Commentary: Three Weeks of September

Commentary: Three Weeks of September
Photo: Lee Thomas
Eric Mitchell
Executive Editor of Digital Media

Gigantic. Mammoth. Supersize. We’re running out of adjectives to describe the Keeneland September yearling sale, which grew another 7.6% this year. The catalog swelled again to a world record-setting 5,553 entries. With anticipated outs, approximately 4,800 of these horses will pass through the auction ring over 15 days—one day longer than the 2006 sale.

Each time Keeneland adds more horses, the question is raised of how much bigger this sale could possibly become. The answer is no more than 21 days.

Is anyone willing to commit three weeks to selling horses? Possibly, if the Keeneland September marathon continues to evolve into several auctions within an auction, as sales director Geoffrey Russell said he’s witnessed over the past several years, and the sale establishes itself as a must-­attend, international event.

Few buyers and consignors would gut it out from beginning to end. Instead, there would be waves of people on different economic levels flowing in and out of the sale grounds, perhaps committing no more than seven to nine days at a time. The event could be enhanced with seminars for owners about conformation or racing and breeding partnerships.

Consider the All-American Quarter Horse Congress, which will be held for three weeks from Sept. 30-Oct. 22 in Columbus, Ohio. The Congress began in 1967 as a three-day event that attracted more than 5,000 people. Now it attracts 650,000 people and 9,000 horses that will compete in 250 events worth $2.5 million in prize money.

In many ways, Keeneland September has already established itself as an event. Why else would consignors continue to offer more horses there? They have to believe they are selling at the epicenter, and that there is no better place to be.

“No other sale in the country does 10% of what Keeneland does,” said Tim Folck, owner of National Equine Sales in Ohio and the son of Congress founder Blair Folck. “(Keene­land) is a whole other world.” Folck is not involved much with Thoroughbreds anymore, though his family was in racing for 15 years. The Folcks were members in the syndication of What Luck, a son of Bold Ruler who was a minor player on the track, but went on to sire 1977 champion sprinter What a Summer and 1983 champion older mare Ambassador of Luck.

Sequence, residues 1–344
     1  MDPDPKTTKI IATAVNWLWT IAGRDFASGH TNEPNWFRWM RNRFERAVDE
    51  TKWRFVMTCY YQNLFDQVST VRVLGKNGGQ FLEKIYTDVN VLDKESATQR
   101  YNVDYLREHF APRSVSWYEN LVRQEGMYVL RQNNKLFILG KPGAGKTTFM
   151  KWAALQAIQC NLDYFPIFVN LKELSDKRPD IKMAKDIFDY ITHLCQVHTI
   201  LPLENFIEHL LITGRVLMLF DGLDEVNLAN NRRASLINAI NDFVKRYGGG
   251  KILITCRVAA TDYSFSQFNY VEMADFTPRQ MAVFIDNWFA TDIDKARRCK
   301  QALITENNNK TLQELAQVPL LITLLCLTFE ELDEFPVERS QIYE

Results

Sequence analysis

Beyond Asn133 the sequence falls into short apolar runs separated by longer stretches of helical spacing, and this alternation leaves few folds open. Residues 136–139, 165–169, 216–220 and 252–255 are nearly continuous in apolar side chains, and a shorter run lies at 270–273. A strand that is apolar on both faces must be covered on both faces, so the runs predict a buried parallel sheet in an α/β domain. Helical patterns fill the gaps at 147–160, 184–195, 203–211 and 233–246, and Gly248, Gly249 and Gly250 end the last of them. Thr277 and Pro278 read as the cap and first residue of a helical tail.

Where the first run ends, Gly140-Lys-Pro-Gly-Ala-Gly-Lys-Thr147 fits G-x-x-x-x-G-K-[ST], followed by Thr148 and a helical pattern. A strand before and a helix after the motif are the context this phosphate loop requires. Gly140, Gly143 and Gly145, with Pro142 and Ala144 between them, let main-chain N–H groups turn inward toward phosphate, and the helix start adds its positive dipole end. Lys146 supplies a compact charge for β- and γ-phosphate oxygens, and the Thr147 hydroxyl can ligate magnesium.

A 21-day Keeneland September sale is not coming any time soon. The prediction is only a ceiling based on an estimate of how large the North American foal crop could become, and an expectation that breeding Thoroughbreds will be done mostly for commercial reasons. The Jockey Club currently estimates the 2007 North American foal crop at 37,500. The North American foal crop peaked at 51,296 in 1986 before cascading downward to a bottom of 34,973 in 1995. Growth has been steady since 1995, but it is hard to image the foal crop will ever again reach the heights of the mid-1980s. So let’s assume the foal crop won’t rise beyond 45,000, which is about where it was in 1990. By the time North America has 45,000 registered foals, the commercial markets may also have grown. In 2006, the percentage of 2005 registered foals that were offered as yearlings was 41%. It is not unrealistic to expect that up to half the North American foals born in a given year will eventually find themselves being led into an auction ring.

Since 2005, the Keeneland September sale has been selling 35% of all the yearlings sold in North America. Allowing for growth, Keeneland could be selling 40% of all yearlings by the time the foal crop reaches 45,000, which means the sale company could one day be offering 7,500 September yearlings or about 2,670 more than is estimated to be offered this year. At about 400 horses through the ring per day, that’s at least another six days of selling.

Sound impossible? Not if there are horses to sell and people believe Keeneland is the place to be in September.

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